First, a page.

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Obese women who had not yet gone through menopause and who had a form of the disease known as estrogen receptor-positive (ER-positive) were more likely than others to die of the disease, according to an analysis of the results of 70 clinical trials.
Those women were 34 percent more likely to die of their breast cancer, the researchers found. However, obesity had little effect on breast cancer death risk among postmenopausal women with ER-positive disease or among women with ER-negative breast cancer.
"It is a finding which is the exact opposite of what we have expected," said study author Hongchao Pan, a senior research fellow at the University of Oxford in England. Other studies have found that being overweight was somewhat protective against breast cancer before menopause.
The finding was released Wednesday, in advance of the American Society of Clinical Oncology annual meeting in Chicago. The review will be formally presented at the meeting on May 31.
The new findings suggest that obesity, thought by some researchers to be protective before menopause, may be risky at any age. To date, ''studies have provided convincing evidence that obesity is associated with an increased risk of developing breast cancer after menopause, but not before the menopause," Pan said.
"Among women who develop breast cancer, obesity is reportedly associated with somewhat worse prognosis," he said. However, experts have thought that the link could depend on the form of breast cancer and whether the tumor is estrogen receptor-positive. Studies on this, as well as the effect of menopausal status, have been inconclusive, Pan said.
Among the 20,000 women who had ER-positive breast cancer and had not yet gone through menopause, the death rate from breast cancer was 34 percent higher in those who were obese compared to those of normal weight. That risk increase, for instance, would change a 10-year risk of death from breast cancer from 15 percent to 20 percent.
The findings seems counterintuitive, Pan said, because obesity substantially raises the level of estrogen in the blood only after menopause.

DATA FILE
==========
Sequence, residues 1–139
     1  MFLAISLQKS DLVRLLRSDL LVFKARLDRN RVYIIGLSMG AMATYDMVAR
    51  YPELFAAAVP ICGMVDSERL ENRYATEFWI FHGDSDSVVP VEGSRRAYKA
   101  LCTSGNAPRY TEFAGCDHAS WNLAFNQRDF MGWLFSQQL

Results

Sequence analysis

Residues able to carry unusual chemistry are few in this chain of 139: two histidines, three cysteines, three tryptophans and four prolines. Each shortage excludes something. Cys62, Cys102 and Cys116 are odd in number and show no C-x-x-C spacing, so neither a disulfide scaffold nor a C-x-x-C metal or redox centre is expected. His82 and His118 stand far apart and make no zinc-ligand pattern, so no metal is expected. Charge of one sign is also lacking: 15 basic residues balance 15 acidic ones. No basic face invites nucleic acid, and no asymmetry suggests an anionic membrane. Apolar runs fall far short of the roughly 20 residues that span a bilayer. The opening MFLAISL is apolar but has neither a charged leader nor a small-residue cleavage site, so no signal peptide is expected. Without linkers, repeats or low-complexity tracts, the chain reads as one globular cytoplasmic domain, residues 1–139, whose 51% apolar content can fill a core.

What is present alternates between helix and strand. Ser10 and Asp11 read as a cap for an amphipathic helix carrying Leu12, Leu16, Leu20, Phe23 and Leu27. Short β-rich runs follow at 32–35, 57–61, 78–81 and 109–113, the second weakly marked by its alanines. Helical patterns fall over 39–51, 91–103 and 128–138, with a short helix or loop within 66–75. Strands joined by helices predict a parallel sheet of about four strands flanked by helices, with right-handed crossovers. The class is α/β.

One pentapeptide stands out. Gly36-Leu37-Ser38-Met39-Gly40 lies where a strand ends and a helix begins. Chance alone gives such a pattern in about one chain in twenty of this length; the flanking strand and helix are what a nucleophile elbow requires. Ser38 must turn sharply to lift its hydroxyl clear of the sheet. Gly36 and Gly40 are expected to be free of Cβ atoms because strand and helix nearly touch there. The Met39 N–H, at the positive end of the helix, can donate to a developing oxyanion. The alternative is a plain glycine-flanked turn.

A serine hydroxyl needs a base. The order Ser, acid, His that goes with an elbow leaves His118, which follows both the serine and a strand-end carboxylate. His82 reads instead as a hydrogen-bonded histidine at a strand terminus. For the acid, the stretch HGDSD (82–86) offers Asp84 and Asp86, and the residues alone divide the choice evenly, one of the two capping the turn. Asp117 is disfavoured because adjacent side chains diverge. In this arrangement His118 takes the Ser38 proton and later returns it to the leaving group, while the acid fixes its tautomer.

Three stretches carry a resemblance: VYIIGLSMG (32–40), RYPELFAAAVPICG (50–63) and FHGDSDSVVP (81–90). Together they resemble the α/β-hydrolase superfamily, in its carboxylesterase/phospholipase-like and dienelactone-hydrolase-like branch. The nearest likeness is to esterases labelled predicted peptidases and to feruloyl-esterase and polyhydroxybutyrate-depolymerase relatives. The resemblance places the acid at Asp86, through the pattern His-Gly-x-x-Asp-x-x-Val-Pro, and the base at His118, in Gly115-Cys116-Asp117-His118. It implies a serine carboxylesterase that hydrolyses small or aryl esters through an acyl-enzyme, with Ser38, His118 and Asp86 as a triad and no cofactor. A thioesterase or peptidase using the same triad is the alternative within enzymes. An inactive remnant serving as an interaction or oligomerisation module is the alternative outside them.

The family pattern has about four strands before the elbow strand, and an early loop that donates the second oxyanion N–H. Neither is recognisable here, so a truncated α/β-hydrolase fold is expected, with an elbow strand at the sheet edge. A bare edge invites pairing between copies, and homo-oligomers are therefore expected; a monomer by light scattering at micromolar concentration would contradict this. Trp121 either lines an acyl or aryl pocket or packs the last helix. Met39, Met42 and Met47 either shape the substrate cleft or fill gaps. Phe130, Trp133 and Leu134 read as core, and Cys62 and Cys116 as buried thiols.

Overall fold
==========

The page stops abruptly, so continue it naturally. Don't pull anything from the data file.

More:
The researchers took into account other factors, such as tumor characteristics and the type of treatment given, and the link still held. Pan said he can't explain the link. While the study found an association between obesity and risk of death from certain breast cancers at certain ages, it did not prove a cause-and-effect link.
The study was funded by Cancer Research UK, the UK Medical Research Counsel and the British Heart Foundation.
"This study forces us to pay attention to obesity in premenopausal women," said Dr. Courtney Vito, a breast surgeon and assistant clinical professor of surgical oncology at City of Hope Comprehensive Cancer Center in Duarte, Calif.
This study strongly suggests that women need to pay attention to weight control, regardless of their menopausal status, Vito said.
Weight is a risk factor that can be controlled, Vito said. "Once you are 50 and have breast cancer, you can't go back and breast-feed [which reduces risk]," she said. Nor can women change family history or other risk factors, she said.
But "being overweight is something you can take control of," Vito said.
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SOURCES: Hongchao Pan, Ph.D., senior research fellow, University of Oxford, Oxford, U.K.; Courtney Vito, M.D., breast surgeon and assistant clinical professor of surgical oncology, City of Hope Comprehensive Cancer Center, Duarte, Calif., American Society of Clinical Oncology annual meeting, May 30-June 3, 2014, Chicago.